The Senate on Wednesday failed to pass a supplemental spending agreement that included aid for Ukraine, Israel and Taiwan as well as an ambitious border security and immigration package that drew widespread opposition from conservative Republicans in both chambers since its release on Sunday.
The vote was 49-50. It needed 60 votes to pass. The vote went mostly along party lines except five Democratic no votes, and four Republicans voting yes.
The package had been negotiated for months by Sens. James Lankford, R-Okla, Chris Murphy, D-Conn., Krysten Sinema, I-Ariz., and Biden administration officials — and it was unveiled on Sunday evening. The $118 billion package included $60 billion for Ukraine, $14 billion for Israel, aid to Taiwan and humanitarian assistance to Gaza, and $20 billion in measures to tackle the historic and ongoing crisis at the southern border. It came in response to a White House supplemental funding request submitted to Congress late last year.
At the core of the border package was an "emergency border authority" to mandate Title 42-style expulsions of migrants when migration levels exceed 5,000 a day over a seven-day rolling average. It also would narrow asylum eligibility while expediting the process from years to months, provide immediate work permits for asylum seekers and fund a massive increase in staffing at the border and more immigration judges. It also includes increased numbers of green cards, extra funding for NGOs and cities receiving migrants, $650 million for border wall funding and $450 million for countries to take back and re-settle illegal immigrants.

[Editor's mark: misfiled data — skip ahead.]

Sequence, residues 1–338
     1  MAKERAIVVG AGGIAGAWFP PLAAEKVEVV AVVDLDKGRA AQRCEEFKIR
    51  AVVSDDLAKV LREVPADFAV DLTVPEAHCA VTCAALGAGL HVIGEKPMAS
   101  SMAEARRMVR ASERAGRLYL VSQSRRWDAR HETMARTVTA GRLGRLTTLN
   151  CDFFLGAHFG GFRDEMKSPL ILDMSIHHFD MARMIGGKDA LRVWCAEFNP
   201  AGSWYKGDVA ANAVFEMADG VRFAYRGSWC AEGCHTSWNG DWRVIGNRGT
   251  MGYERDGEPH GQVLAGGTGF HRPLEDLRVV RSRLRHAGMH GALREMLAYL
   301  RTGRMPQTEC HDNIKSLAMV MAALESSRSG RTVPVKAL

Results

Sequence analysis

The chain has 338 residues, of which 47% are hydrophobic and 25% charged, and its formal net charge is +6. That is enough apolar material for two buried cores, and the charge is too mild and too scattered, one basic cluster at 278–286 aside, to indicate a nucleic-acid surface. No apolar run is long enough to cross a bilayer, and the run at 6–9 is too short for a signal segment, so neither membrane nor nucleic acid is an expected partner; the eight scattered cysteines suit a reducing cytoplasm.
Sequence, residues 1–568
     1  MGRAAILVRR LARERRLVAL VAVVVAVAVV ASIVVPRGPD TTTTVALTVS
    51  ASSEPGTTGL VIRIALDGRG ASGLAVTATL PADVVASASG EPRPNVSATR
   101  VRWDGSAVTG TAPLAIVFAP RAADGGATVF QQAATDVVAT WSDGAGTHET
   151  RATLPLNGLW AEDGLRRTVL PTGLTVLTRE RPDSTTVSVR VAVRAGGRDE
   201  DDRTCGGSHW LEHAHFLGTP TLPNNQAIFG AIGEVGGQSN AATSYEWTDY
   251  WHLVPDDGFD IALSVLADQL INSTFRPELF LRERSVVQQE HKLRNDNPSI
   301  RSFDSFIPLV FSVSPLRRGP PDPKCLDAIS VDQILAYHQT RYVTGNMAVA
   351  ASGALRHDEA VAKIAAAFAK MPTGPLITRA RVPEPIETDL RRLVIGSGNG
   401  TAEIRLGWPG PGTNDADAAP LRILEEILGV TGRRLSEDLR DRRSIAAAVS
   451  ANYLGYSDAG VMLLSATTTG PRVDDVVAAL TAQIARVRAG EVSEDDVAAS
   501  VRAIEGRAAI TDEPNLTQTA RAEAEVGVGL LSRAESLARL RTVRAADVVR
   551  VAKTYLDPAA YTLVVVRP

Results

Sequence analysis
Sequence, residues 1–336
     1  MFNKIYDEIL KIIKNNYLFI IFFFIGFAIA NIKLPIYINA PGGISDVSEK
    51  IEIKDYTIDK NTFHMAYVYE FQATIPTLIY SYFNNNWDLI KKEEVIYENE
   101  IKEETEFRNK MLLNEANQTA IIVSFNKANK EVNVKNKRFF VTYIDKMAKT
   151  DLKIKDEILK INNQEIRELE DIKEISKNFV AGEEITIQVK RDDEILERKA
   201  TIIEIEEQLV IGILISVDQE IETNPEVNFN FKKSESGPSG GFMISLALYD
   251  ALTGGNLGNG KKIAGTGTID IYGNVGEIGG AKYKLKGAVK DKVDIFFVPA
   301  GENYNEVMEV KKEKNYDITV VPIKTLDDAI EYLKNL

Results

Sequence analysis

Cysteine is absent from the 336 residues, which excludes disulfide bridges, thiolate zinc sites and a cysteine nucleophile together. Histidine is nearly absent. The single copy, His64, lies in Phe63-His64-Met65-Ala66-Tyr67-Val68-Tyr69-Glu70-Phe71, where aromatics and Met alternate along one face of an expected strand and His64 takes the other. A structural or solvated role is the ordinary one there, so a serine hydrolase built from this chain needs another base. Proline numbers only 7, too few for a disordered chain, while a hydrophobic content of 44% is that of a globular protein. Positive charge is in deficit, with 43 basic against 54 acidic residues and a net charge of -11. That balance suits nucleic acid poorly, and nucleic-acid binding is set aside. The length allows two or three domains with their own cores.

But while the administration and negotiators talked the bill up as a tough but fair way to tackle the border crisis, Republicans in the House immediately declared it a non-starter and conservative opposition in the Senate quickly stacked up. More than 20 Republican lawmakers in the upper chamber argued this week the provisions would not sufficiently reduce the historic number of illegal migrant crossings, and warned it would normalize record-high levels of illegal immigration.
"We supported a negotiation to bring commonsense border security to this country," Sen. J. D. Vance, R-Ohio, said on Tuesday. We did not agree to a border fig leaf to send another $61 billion to Ukraine."
It also found opposition from some liberal Democrat senators and left-wing immigration groups who claimed it would harm migrants seeking asylum. The text was released on Sunday night and by Tuesday morning, GOP Leader Mitch McConnell said it had no chance of passing.
"I think, in the end, even though the product is approved by the [National Border Patrol Council] that adores President Trump, most of our members feel that we're not going to be able to make a law here," said McConnell, a strong supporter of aid to Ukraine.
With the border and foreign aid package now dead, Senate Majority Leader Chuck Schumer, D-N. Y., will proceed to tee up a vote on the supplemental package without the border security section later in the afternoon. But Republicans are likely to oppose that too, having promised that they would only approve more funding for Ukraine once the southern border is secure.... (Read more)
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